Much remains to be done to rebuild broken lives

 

Tsunami Diary: I am at the end of my two-week stint with Global Crossroads and I cannot believe how fast the time has flown here. Already, people from the new group are arriving at the hotel, and we are able to offer them advice on the construction work, the locals and the price of tuk-tuks etc. It seems like just yesterday that we all sat listening to the previous group offering us the same advice.

As someone who had no previous volunteer experience, I was excited but quite apprehensive about coming over to Sri Lanka and getting involved in the reconstruction project. A volunteer who has worked on numerous projects of a similar nature told me on the first day that after this experience I'd either never get involved in volunteer work again or continue doing it for the rest of my life. At the end of two weeks, I can safely say that the latter applies.

Never before have I met such wonderful individuals from all corners of the world in the same place at the same time. Some, like myself, are on leave from work, some are taking career breaks to help. One of the volunteers is only 18 and came by himself.

As different as we all are, we came with one objective - to help those affected by the tragic events of December 26th to get back on their feet.

In the time we have been here, we have seen two houses fully completed, and many others are nearing completion. We have achieved peace of mind, knowing that we helped to ensure that any new houses being built, as part of the GC programme, will have tiled roofs rather than asbestos ones.

We have donated our time and efforts to numerous relief camps and orphanages. I will especially remember the Sambodi house for the mentally and physically disabled, where Jenny and Cliff (from Ireland and the US) work tirelessly every day, improving the facilities and the services one bit at a time. Before the tsunami, this orphanage was not receiving much aid, so the disaster was a blessing in disguise. Now they are receiving toys and educational gifts for the children and fresh vegetables are often brought in by volunteers.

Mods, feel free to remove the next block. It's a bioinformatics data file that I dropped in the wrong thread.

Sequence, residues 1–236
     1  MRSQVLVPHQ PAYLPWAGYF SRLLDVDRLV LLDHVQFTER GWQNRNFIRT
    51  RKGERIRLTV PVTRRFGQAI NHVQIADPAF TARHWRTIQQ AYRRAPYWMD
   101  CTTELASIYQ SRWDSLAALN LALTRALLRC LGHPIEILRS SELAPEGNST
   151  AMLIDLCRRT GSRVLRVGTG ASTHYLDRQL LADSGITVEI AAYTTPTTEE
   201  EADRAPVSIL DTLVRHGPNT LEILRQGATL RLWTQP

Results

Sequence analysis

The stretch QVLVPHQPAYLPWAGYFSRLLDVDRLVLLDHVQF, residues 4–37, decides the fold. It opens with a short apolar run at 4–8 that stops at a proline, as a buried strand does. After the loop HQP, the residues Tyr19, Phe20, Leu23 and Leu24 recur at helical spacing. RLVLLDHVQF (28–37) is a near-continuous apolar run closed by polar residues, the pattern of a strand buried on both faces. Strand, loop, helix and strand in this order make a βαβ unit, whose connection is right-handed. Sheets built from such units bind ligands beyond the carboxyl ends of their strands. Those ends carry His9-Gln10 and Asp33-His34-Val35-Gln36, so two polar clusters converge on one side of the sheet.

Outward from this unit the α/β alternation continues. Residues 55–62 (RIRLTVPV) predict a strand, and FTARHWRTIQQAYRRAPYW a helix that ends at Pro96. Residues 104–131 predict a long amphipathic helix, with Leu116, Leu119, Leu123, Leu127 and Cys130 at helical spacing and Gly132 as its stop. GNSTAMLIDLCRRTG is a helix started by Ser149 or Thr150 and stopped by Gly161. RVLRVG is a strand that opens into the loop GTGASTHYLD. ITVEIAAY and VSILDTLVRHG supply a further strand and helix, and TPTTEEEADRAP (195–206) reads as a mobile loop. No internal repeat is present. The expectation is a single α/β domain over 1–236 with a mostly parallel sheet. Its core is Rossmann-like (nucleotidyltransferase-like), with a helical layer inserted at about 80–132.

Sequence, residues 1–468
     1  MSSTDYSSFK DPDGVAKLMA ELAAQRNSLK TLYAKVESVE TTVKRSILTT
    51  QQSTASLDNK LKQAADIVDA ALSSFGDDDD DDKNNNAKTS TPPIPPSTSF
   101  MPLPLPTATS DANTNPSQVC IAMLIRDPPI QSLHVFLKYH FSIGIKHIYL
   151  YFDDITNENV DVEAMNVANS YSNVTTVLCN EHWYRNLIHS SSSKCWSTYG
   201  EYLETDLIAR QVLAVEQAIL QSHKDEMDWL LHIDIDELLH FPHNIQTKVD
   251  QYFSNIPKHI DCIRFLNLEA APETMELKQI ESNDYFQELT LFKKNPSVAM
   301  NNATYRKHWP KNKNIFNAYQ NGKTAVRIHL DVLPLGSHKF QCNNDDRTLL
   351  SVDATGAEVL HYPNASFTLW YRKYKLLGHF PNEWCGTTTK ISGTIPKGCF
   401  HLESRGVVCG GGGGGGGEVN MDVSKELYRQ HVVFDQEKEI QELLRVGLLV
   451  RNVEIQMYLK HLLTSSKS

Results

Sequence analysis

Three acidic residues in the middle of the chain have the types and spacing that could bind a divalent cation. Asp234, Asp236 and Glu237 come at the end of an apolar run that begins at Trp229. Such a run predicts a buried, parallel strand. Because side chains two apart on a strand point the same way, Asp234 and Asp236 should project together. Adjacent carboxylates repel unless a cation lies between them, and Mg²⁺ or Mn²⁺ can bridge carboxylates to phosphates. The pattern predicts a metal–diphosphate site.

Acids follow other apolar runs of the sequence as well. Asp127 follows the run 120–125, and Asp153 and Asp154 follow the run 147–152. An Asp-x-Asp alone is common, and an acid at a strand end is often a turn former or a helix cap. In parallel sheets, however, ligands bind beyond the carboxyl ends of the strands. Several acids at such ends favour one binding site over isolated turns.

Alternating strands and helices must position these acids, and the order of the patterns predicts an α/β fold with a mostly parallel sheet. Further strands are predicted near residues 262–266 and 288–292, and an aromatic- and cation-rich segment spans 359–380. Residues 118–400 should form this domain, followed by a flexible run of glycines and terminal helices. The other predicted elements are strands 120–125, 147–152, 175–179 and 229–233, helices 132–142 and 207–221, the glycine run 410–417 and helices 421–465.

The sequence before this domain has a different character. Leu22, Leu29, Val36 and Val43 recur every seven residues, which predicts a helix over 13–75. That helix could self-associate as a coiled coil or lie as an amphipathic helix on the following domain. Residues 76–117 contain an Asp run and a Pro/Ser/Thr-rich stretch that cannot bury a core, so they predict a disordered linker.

Despite our gruelling work, we have barely touched the tip of the iceberg in terms of structural and emotional reparation. To this day, along the coast of Galle, boats lie torn in half, debris from houses and businesses is visible up to 1½km from the shore, and hundreds of tents housing the unfortunates who have lost their homes are scattered everywhere. At the rate we are building houses, we will only cater for about 5 per cent of the people in Galle before the monsoons arrive in late April. The tents will most definitely not withstand the rains and there is a risk of flooding.

As uplifting as it is to see a family which has faced such hardship move into their new home, it is impossible to ignore the faces of those whom we cannot help. Some, in particular, stick out in my mind, and their faces will haunt my dreams forever. As well as GC's programme, some other projects on temporary housing are under way, but this is just a short-term fix for a long-term problem.

As I mentioned previously, those affected by the tsunami are currently surviving on government provisions of 375 rupees (€2.92) per tent, per week. While people do need this support now, I fear that they may become used to handouts and fall into the habit of getting something for nothing. The tuk-tuk driver I spoke to on Friday, Janaka Nishastha Silva, expressed the same concern. He is afraid that Sri Lanka will turn into "another Ethiopia" if people do not soon begin to become independent again.

Unfortunately, the majority of those affected by the tsunami did not have savings of any kind, so they are literally starting from scratch. And of course there are those who are trying to jump on the poverty bandwagon, making it impossible to know whether the person asking you for money on the street is genuine or fake. Too many times in the last two weeks we have heard the words "I am tsunami . . . my family gone . . . you give me money?"

The people of Sri Lanka are warm, welcoming and extremely friendly. Families have opened their doors and their hearts to us. Having us around for dinner to share a Sri Lankan experience has made the past fortnight even more enjoyable. We bought a table fan for one family at the Dadalla site and the gratitude we were shown was immeasurable.

I was very sad leaving Galle yesterday in the knowledge that the people of Sri Lanka face a bleak future for many years to come. I felt almost guilty knowing that I was going back to a comfortable home, to a steady job and to my friends and family. As a society, these people are coping well at the moment due to their uplifting spirit and their will to survive. Despite having lost many family members, neighbours and friends, they continue to smile and to share what little they have.

This trip has restored my faith in human nature, but there is a lot more work to be done.

Fiona O'Connor (24) is from Dublin and opted out of her IT job to do voluntary tsunami relief work for a fortnight near Galle in Sri Lanka.